Published: 12:56, 08 June 2022
| Updated: 13:17, 08 June 2022
Five large trees destined for the chop in the centre of Canterbury now look set to be saved in a dramatic u-turn.
The city council has long had its sights set on removing the mature trees in favour of a £1.2 million makeover of the high street.
But now - following a tsunami of criticism and a petition earning more than 5,000 signatures - authority bosses have gone back to the drawing board.
The trees were scheduled to be uprooted in January next year, when the long-standing market is disbanded and dispersed to various streets across the city.
A new avenue of 14 trees were planned to be planted, creating a boulevard-style high street offering a "much softer, greener and leafy feel".
Scores of residents and city visitors have spoken out against the project over the past two years, yet the council continually remained steadfast in seeing through its tree-felling vision.
Now, however, bosses are making a u-turn.
The five trees are set to all be saved and an additional one will be planted, while the approved proposal for an avenue of 14 trees has been ditched.
Council leader Ben Fitter-Harding said: "I've always been open-minded about it. It's about being pragmatic - there is always time to reconsider things.
"The existing trees offer more canopy shade than what the avenue of trees will produce."
The shift in thinking comes after KentOnline revealed there was uncertainty as to whether Kent County Council would grant permission for the trees to be axed.
When championing their removal, the city council stressed how the trees had “outgrown their situation” - but now the authority has had a change of heart.
Leader of the opposition Dave Wilson (Lab) said: "Given he [Cllr Fitter-Harding] so vehemently argued against saving the trees previously, I guess it shows he has as many scruples as Boris Johnson.
"We're in a pre-election phase, and he's simply trying to cover his tracks.
"We would welcome a decision to save the trees, as would everyone else in Canterbury. If only they listened originally when everyone was first against it."
As part of the redesign, new seating around the existing trees - and in other locations in the high street - is proposed.
One new semi-mature tree would also be planted near to Marks and Spencer to "create some balance to the street design in the long-term".
In a report to councillors published today, officers say the stretch between Metro Bank and Superdrug will still be repaved as originally planned.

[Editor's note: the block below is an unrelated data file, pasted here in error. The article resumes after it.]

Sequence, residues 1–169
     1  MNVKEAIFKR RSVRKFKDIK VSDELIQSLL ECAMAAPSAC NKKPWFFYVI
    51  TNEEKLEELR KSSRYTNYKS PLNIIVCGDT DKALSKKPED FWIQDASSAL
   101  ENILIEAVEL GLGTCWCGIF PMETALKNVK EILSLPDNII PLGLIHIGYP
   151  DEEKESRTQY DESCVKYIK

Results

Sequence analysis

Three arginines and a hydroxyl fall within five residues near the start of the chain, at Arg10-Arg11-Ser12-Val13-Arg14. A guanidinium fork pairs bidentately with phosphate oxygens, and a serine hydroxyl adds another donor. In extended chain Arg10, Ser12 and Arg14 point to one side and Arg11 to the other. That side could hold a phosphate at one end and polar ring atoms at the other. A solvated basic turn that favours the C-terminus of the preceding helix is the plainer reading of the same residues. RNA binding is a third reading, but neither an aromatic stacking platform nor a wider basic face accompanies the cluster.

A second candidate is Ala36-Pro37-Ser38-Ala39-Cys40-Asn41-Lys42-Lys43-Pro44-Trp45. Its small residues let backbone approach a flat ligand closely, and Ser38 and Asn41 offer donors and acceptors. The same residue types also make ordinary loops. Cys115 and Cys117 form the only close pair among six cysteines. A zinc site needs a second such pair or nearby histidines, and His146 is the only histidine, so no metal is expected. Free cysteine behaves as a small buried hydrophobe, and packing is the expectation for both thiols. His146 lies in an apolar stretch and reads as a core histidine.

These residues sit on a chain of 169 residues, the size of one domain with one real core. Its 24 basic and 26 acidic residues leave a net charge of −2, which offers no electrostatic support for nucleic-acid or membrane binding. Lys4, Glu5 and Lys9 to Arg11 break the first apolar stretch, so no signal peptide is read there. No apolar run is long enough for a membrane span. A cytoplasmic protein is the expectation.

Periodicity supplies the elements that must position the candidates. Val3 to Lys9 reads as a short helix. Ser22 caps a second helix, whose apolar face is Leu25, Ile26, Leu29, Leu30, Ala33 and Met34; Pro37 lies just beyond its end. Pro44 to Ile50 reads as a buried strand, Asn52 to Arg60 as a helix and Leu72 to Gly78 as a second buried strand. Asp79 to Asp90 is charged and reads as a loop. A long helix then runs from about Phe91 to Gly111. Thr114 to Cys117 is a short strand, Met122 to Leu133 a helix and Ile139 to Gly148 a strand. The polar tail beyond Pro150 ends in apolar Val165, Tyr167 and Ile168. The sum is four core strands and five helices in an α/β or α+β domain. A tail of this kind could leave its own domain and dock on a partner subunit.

The layout would "still provide a usable events space" for events such as Pride and the Medieval Pageant to utilise.
Revised plans for street lighting will be formulated, with a "combination of new columns and existing wall-mounted units to try to reduce the number of dark areas created by the dense canopies of the existing trees".
Cabinet member for place, Cllr Barbara Anne Flack, said: "While there seems to be general agreement that St George's Street is desperately in need of a substantial makeover, there has been opposition to the loss of the trees and uncertainty about whether the county council would grant permission for their removal.
"We have therefore taken a fresh look at the entire scheme and developed a set of proposals that allows the trees to not only remain, but also hopefully flourish, and also gives us the chance to deliver the improvements to St George's Street that will enhance the city centre for years to come."
The news has been welcomed by Green Party member Anna Peckham, who has long campaigned for the trees to be saved.
"I would be absolutely delighted if they were to stay - it's the sensible option," she said.
"It would be very odd especially in a climate emergency to cut down mature trees, just to replace them with smaller ones.
"They provide a lovely canopy and seating could be put in around them.
"It's very good news for the climate, birds and people in the city."
Councillors on the overview and scrutiny committee will discuss the new proposals at a meeting next Thursday.
A final decision will then be taken in July.